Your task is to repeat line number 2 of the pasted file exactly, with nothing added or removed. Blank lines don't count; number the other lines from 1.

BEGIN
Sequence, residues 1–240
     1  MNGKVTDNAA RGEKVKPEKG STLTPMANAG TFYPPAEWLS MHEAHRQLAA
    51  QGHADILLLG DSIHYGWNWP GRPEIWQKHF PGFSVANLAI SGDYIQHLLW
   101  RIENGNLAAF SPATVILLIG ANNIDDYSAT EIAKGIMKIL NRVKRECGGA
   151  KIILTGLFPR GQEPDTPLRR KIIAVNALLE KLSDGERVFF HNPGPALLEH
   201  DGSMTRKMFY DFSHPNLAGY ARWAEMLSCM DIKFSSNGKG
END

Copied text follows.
     1  MNGKVTDNAA RGEKVKPEKG STLTPMANAG TFYPPAEWLS MHEAHRQLAA